La Clairiere by Rene Magritte 1944

From 1935 forward one can glance through the art history books and discover the huge reaction and agitation in artists. Artworks, with the coming of war and the spirit of domination, demonstrated huge shifts and experimentation world wide.  We see this evidenced in a myriad of works including those produced by Max Ernst, Pablo Picasso and abstract expressionist, Oskar Kokoschka.  Since university years, I have admired the work of Oskar Kokoschka and notice some of the same movement and expression in the work of contemporary, John Hartman.

Returning to the image…La Clairiere.  While I can not find any analysis of this painting in my art books or on line, suffice it to say that the images captured are very symbolic for me.  Most obvious, I suppose, is the image of the dove.  Within our western culture, the dove is symbolic of peace.  We see within the plants, the birth of a multitude of doves.  The single point of interest has already taken flight.  It feels as though peace arises from ‘the ordinary’, but the viewer is given the sense that it must be tended…watered…harvested.  This sense of ‘giving birth’ or ‘nurturing’ is supported by the nest and the contents, three eggs.  Here, I apply some of my Christian symbology…three; the triune God, the bread…the water of life and baptism.  I would give anything to be able to speak with the artist.  Wouldn’t we all like that?  So, for me, there is a sense of the Eucharistic elements present to a landscape that smacks of ‘the garden’.  While we are not present in the image, we are present through a sense of responsibility or engagement.  The glass of water invites us, as does the bread.  These fragile details (the eggs and nest, the bread, the glass) appear at the very forefront of the composition, causing a nurturing response and a sense of immediacy.

The shrubs read to be tobacco plants, a product that gave some sense of comfort and relief in the day and a plant that within first nations cultures represented a bartering tool as well as a gift.  Today, tobacco continues to be a part of healing ceremonies and is incorporated into sweat lodges and other ceremonies.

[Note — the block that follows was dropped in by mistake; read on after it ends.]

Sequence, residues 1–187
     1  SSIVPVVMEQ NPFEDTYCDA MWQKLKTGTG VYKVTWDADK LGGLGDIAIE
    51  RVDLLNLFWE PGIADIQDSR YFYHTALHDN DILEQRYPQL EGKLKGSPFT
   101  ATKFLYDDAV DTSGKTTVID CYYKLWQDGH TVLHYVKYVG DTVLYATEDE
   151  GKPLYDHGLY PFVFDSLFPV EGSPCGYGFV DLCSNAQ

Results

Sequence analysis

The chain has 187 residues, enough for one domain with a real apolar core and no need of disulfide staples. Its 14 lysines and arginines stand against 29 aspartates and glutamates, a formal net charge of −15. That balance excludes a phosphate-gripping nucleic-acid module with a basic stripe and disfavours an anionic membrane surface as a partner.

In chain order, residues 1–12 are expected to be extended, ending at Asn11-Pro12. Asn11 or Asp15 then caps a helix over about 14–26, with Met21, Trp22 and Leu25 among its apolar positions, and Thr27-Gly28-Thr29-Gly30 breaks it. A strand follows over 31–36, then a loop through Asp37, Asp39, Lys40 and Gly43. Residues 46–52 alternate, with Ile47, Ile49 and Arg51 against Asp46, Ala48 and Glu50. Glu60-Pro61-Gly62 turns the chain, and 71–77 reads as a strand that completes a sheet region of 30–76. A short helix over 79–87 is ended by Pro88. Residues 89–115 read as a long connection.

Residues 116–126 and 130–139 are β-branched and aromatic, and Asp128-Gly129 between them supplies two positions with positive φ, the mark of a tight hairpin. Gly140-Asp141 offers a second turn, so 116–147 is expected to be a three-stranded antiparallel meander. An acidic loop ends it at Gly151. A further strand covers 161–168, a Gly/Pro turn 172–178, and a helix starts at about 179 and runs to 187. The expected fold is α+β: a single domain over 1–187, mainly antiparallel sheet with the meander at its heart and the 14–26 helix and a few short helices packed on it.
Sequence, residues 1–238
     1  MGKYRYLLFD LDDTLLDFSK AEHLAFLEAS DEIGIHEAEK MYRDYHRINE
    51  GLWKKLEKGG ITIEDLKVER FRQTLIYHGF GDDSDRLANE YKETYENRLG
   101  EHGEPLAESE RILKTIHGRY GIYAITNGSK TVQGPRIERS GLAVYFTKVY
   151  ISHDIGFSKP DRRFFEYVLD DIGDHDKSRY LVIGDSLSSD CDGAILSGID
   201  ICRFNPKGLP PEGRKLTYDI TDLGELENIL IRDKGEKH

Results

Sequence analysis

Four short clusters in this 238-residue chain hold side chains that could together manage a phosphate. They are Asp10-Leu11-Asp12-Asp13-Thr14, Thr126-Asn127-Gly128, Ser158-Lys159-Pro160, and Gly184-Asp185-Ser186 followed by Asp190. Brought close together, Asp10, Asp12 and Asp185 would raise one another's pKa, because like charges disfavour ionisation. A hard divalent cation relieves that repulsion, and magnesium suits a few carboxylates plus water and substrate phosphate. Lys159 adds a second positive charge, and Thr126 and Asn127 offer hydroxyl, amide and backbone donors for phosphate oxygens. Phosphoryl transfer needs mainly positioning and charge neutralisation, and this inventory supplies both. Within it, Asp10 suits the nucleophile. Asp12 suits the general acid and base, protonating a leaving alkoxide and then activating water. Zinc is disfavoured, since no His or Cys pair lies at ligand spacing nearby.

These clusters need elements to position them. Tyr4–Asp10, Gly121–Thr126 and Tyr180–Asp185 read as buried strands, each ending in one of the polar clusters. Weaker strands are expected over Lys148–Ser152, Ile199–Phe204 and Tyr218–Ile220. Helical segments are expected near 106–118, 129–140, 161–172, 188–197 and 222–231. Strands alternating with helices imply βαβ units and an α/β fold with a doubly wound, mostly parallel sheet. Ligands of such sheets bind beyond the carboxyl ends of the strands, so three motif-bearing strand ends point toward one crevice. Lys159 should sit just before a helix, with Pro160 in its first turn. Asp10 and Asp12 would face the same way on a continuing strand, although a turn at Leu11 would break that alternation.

I enjoy Saturday mornings…after my walk with Max, I can take time to pray, sip a coffee…look at a postcard.

I loved words. I love to sing them and speak them and even now, I must admit, I have fallen into the joy of writing them.
— Anne Rice

Joan Miro: Off the Wall!

"Escargot, femme, fleur, et etoile", Joan Miro 1934

Automatism…that’s the fancy word for letting go and letting it be…whether the art is rooted in a mark, a feeling, or a dream.  It is a letting-go.  Inspired by one of Miro’s pieces, the grade eight and nine students fell into a rhythm of invention. Joan Miro was yet another artist who was so engaged with the heart of his soul that he struggled.  Yet, his work is laden with a sense of celebration and childlike creation. 

One Wall



I love words. I love to sing them and speak them and even now, I must admit, I have fallen into the joy of writing them. — Anne Rice

The Tree As Symbol: Writing My Mind

Nailed to the Tree

A seed has been planted in the human spirit to nurture creativity and facilitate its perpetuation.  Fundamentally, the visual arts have, since human beginnings, provided for this end.  The artist experiences satisfaction of the deepest sense as the creative process leads to blossoming and the giving forth of fruits, (it is a commitment to the work to get there) whether emotional, physical or cognitive.  Creativity brings the mind to life and conversely, life generates creativity.  The seed, embedded in fertile soil, gives life to a plant.  It’s spreading branches and foliage reach to the heavens.  The roots, deeply founded, seek the earthly core and the trunk serves as a link between the world of Heaven and that of Hell.